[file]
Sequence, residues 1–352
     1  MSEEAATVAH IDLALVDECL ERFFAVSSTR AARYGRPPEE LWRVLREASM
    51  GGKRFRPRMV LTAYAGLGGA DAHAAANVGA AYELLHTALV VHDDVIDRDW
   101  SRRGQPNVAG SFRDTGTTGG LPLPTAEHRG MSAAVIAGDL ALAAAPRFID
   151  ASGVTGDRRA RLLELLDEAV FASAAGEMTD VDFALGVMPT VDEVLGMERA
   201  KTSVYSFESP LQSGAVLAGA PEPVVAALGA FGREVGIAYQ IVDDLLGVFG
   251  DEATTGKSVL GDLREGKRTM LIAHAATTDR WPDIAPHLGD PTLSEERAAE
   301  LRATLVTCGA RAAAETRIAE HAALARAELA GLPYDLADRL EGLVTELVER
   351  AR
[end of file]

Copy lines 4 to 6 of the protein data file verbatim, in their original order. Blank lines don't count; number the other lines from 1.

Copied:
   101  SRRGQPNVAG SFRDTGTTGG LPLPTAEHRG MSAAVIAGDL ALAAAPRFID
   151  ASGVTGDRRA RLLELLDEAV FASAAGEMTD VDFALGVMPT VDEVLGMERA
   201  KTSVYSFESP LQSGAVLAGA PEPVVAALGA FGREVGIAYQ IVDDLLGVFG